Harold Holt was a noted Australian politician. After serving in a number of cabinet positions, he became the leader of the Liberal Party of Australia (which is actually the country’s main conservative party) and prime minister in early 1966 after the retirement of Robert Menzies.

Later that year, Holt led the Liberal Party and the Australian Country Party (now the National Party of Australia), its coalition partner, to a dominant federal election victory.

In late 1967, Holt went swimming at one of his favorite spots and didn’t return. A major search-and-rescue operation commenced, but he was never found.[7] No formal inquiry by the federal government into the disappearance was ever conducted.

3 Jimmy Hoffa

Photo credit: history.com

Jimmy Hoffa was a corrupt union official who presided over the International Brotherhood of Teamsters for well over a decade. Hoffa was involved with organized crime and sent to prison in 1967 while remaining president of the Teamsters.

In 1971, he resigned from his position with the Teamsters and was released from prison as terms of a pardon deal with US President Richard Nixon. Hoffa’s last confirmed location was outside a restaurant in a Detroit suburb, where he was reportedly slated to meet with two organized crime leaders.[8]

Officials found his car outside the restaurant and unlocked, but there was no sign of Hoffa. He was declared dead in 1982, but the exact circumstances surrounding his apparent death remain a mystery.

2 Glenn Miller

Glenn Miller is perhaps the most iconic big band leader ever. From the late 1930s to the early 1940s, he was the best-selling recording artist in America.[9] After the United States entered World War II, Miller first volunteered to join the US Navy. They turned him down, and he volunteered for the army instead. He was eventually assigned to the Army Air Forces.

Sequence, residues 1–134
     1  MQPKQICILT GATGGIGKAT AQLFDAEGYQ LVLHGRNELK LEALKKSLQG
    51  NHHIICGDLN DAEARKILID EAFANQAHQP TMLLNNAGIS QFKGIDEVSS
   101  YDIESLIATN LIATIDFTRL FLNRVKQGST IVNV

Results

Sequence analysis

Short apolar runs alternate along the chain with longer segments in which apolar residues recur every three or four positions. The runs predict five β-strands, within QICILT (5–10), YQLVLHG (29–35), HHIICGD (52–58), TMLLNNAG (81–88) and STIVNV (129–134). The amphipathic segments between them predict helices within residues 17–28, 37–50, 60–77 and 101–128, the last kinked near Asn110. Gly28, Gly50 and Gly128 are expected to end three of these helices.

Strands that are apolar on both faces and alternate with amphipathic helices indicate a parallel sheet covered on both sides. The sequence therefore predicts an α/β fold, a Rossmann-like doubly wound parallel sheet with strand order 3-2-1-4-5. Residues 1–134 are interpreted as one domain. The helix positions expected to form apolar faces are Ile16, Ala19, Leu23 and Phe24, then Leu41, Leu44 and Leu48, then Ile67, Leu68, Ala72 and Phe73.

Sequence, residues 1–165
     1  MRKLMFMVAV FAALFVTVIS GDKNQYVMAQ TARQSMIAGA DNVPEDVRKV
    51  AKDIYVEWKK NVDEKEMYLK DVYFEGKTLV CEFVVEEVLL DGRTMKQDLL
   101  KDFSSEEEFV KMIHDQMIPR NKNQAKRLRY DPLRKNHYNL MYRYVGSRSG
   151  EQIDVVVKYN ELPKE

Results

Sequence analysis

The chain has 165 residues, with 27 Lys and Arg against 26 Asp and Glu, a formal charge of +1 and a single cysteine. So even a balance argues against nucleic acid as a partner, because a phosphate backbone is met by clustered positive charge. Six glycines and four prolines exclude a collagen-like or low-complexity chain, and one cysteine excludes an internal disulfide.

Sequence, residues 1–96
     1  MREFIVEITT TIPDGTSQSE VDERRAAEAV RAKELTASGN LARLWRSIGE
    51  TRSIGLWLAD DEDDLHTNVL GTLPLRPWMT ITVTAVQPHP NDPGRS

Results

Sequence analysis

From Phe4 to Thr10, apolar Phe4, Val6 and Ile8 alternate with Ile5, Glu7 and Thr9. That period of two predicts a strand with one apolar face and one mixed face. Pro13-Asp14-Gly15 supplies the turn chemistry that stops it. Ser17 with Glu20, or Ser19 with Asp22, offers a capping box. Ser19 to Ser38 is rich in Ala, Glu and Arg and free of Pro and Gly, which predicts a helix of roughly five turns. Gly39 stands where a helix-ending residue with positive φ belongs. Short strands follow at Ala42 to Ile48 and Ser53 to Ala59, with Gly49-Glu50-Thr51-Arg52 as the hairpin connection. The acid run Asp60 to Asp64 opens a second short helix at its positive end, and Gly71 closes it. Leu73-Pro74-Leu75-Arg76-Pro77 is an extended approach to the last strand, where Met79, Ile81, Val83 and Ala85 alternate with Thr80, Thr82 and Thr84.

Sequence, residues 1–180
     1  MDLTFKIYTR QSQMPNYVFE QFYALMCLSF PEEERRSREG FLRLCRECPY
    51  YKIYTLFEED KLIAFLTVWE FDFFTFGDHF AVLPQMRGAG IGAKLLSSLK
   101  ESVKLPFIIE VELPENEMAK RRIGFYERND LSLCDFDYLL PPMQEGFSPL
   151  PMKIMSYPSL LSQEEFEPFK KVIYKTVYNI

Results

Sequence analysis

In late 1944, Miller and two others boarded a plane that was supposed to fly to France, where he intended to arrange concerts for US troops. The plane vanished somewhere over the English Channel. Neither the aircraft nor its occupants were ever found.

1 Amelia Earhart

Photo credit: winesisterhood.com

The story of Amelia Earhart is likely the most famous missing person story of all. Her flying exploits, both as a passenger and as a pilot, made her world-famous.

In 1937, Earhart and navigator Fred Noonan embarked on a planned trip around the world. On July 2, Earhart began sending out radio messages that indicated they were low on fuel and were desperately seeking help over the Pacific Ocean.[10]

A US Coast Guard cutter, the Itasca, set out to help them. The Itasca could not locate the plane and began making smoke signals, hoping that Earhart and Noonan could see the smoke if they were in the area. But it was to no avail. After an official search by the US Navy and Coast Guard and a private search funded by Earhart’s husband failed to produce major results, Earhart was declared dead in 1939.

I recently wrote an article about conspiracy theories that were true.